European stocks rose firmly in the opening minutes of trading to test the highest levels of the year, following strong hints from China's new regime that it will continue policy reforms to ensure economic stability.
Europe's FTSEurofirst 300 advanced 0.1 percent to 1125.52 points - just a few ticks away from the 2012 high - while Britain's FTSE 100 was up 0.3 percent in early trading. The more narrow Eurostoxx 50 gained around 0.4 percent to 2605.29 while Germany's benchmark DAX index gained 0.6 percent.
In France, the CAC-40 advanced by 0.6 percent. Italy's FTSE MIB and Spain's IBEX rose by the same percentage.
The single currency traded at a six-week high of $1.3127 against the US dollar.
Asian markets had earlier ended higher, with the Chinese financial and property stocks pushing the Shanghai index to rebound from a four-year low.
The Shanghai Composite Index ended 2.87 percent higher to 2031.91 while Hong Kong's Hang Seng gained 2.14 percent to 22266.29. Japan's Nikkei average was up 0.39 percent to 9468.84 while South Korea's KOSPI gained 0.63 percent to 1947.04.
The political rhetoric from China remained in focus. The country's newly appointed politburo under the party chief Xi Jinping said that China will maintain its economic policies at a stable level and make changes whenever needed, following the regime's first economic assessment.
"We will keep continuity and stability of macro-economy policies, prioritising on making policies more targeted and effective while fine-tuning policies when appropriate," Xi Jinping was quoted as saying by China's state-owned television channel.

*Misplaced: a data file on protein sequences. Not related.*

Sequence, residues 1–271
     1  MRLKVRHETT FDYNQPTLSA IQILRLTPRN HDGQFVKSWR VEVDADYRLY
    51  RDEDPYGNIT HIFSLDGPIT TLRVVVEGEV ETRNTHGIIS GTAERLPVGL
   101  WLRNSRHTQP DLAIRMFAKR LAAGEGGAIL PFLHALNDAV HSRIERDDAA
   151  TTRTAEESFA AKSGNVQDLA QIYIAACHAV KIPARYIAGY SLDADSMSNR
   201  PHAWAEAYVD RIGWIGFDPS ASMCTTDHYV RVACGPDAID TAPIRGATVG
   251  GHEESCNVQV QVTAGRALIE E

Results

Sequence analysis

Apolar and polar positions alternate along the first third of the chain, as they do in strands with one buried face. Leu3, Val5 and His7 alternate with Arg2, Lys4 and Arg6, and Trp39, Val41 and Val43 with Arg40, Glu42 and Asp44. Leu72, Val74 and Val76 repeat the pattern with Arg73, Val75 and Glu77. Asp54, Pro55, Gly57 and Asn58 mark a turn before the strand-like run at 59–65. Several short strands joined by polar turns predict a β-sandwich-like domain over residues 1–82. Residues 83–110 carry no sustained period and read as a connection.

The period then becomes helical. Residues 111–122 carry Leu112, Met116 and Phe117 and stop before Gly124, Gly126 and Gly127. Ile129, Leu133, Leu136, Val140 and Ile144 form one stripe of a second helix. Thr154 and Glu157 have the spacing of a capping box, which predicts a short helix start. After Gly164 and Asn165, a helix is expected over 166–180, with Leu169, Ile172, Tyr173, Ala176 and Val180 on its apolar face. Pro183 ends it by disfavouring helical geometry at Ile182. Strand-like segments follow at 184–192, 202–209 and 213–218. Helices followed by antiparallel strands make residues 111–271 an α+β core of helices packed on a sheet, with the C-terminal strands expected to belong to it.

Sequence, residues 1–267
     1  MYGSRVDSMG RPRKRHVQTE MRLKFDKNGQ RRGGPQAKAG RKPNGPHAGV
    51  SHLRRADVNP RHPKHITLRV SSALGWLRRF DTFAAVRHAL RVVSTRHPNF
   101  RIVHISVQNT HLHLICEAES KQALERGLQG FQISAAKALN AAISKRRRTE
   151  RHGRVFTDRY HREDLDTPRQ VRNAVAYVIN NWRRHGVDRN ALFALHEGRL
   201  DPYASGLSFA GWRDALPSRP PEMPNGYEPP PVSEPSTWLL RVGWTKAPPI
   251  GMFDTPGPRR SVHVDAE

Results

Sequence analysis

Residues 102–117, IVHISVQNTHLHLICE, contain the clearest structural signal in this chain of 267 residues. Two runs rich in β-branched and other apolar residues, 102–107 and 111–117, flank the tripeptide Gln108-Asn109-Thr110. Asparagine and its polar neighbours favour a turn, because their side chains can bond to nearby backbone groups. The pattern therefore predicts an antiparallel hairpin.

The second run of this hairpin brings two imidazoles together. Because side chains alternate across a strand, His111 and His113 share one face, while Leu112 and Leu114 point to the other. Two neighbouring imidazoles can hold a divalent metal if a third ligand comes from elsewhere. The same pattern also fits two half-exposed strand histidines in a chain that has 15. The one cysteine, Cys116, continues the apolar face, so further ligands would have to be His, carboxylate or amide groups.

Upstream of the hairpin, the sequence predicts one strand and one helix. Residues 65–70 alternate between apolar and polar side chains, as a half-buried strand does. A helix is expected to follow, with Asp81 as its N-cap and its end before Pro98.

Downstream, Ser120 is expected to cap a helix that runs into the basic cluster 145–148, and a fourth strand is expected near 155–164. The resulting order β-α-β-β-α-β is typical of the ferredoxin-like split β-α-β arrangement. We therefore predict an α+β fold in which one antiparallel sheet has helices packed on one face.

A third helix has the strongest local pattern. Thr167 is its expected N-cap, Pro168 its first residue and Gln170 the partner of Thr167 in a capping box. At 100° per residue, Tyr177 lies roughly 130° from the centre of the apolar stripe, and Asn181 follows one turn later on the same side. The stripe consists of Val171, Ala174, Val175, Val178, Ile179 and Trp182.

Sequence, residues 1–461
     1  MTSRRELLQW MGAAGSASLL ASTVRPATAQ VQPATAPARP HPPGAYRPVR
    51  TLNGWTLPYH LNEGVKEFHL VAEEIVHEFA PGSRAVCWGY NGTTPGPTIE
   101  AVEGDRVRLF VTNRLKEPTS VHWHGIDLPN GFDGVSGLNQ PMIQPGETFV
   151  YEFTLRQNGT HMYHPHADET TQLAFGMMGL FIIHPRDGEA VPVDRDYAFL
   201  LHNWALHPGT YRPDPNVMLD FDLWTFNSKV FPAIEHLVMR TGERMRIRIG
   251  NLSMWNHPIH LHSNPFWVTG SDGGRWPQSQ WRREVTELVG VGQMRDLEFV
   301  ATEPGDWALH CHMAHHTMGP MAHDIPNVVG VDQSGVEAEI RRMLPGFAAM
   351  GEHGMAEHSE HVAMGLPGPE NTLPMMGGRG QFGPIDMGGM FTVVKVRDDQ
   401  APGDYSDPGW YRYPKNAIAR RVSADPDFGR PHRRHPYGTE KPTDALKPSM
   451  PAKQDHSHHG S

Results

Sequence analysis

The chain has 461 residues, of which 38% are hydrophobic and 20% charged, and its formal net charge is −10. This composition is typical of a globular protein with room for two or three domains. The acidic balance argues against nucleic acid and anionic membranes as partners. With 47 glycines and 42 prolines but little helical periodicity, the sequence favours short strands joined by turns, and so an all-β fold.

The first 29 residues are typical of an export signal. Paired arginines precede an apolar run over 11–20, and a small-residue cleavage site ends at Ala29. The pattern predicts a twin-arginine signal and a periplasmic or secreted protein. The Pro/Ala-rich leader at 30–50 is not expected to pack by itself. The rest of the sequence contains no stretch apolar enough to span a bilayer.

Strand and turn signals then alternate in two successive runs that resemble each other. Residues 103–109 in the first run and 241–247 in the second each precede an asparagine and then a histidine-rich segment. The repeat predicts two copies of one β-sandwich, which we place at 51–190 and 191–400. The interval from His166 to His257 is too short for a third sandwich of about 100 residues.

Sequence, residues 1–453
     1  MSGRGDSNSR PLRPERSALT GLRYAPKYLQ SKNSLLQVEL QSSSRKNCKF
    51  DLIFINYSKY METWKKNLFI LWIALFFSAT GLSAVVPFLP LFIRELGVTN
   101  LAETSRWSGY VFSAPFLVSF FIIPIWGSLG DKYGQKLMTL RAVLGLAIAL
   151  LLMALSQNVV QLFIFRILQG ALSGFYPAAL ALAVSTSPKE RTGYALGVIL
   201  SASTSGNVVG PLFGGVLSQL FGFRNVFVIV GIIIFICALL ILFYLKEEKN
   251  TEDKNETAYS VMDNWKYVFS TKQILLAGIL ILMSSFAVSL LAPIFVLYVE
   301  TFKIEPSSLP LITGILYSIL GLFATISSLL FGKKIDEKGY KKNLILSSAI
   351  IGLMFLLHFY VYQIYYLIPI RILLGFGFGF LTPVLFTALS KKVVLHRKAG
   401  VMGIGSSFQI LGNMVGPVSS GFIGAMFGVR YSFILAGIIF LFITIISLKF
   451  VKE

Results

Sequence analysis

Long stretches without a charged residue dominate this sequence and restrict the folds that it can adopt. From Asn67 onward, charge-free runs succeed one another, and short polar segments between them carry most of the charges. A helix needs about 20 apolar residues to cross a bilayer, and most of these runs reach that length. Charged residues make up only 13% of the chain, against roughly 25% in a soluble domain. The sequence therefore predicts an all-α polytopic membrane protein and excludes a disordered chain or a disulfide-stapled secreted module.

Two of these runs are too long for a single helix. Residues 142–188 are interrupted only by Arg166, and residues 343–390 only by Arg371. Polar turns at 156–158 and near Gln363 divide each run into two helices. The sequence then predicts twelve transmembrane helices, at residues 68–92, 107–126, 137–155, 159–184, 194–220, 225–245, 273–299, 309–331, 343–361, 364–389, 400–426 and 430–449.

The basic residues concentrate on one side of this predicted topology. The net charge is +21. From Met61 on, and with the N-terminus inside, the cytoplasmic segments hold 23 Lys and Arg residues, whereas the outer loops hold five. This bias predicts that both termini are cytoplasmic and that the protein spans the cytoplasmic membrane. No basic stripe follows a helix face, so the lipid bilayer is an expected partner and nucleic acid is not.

"China will make more efforts on expanding domestic demand and fostering new consumption growth areas."
The party chief added that the government would take up further reforms including giving more freedom to market forces in determining prices of resource products. Analysts suggest that the administration's emphasis on maintaining stability could mean that policies will remain supportive to boost domestic demand and face external pressures.
Growth in the world's second largest economy had slowed in the third quarter, but has since seen improvement mainly due to government initiatives. However, the looming 'fiscal cliff' crisis in the US and the ongoing eurozone difficulties remain a threat to the country. The government has reportedly acknowledged this, saying that although the economy is recovering, it will "face various challenges that should not be underestimated".
The deadlock over the 'fiscal cliff' talks continued in the US. Concerns that the upcoming tax hikes and spending cuts will push the economy into recession had weighed the US stocks lower yesterday.
Meanwhile a meeting of European Union finance ministers to decide on a single supervisor for banks in the region ended without an agreement in Brussels. The ministers are set to meet again in the coming week to continue talks.
Financial and property firms in China traded higher. Ping An Insurance Group was up 5.55 percent in Hong Kong towards close, while Bank of Communication and China Life Insurance gained 3.60 and 4 percent. China Resources Land and Wharf Holdings gained 3.22 and 3.42. In Shanghai, Ping An's shares gained 4.09 percent while China Life insurance was up 2.60 percent.